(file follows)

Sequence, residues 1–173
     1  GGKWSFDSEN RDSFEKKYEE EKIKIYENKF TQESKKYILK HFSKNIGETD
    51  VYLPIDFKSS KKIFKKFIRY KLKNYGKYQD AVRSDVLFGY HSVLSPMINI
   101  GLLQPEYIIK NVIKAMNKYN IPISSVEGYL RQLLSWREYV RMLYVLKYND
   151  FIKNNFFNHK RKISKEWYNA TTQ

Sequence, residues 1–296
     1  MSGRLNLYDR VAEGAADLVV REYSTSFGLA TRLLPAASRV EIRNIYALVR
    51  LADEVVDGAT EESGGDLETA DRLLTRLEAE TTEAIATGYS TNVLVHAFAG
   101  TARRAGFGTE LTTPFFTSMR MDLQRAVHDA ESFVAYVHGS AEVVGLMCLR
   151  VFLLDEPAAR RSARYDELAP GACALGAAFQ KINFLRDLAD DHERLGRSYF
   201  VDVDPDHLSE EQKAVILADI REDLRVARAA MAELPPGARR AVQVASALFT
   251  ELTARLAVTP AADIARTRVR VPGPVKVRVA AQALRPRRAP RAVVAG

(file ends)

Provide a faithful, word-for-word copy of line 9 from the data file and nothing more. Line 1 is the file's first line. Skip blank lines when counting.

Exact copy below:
   101  TARRAGFGTE LTTPFFTSMR MDLQRAVHDA ESFVAYVHGS AEVVGLMCLR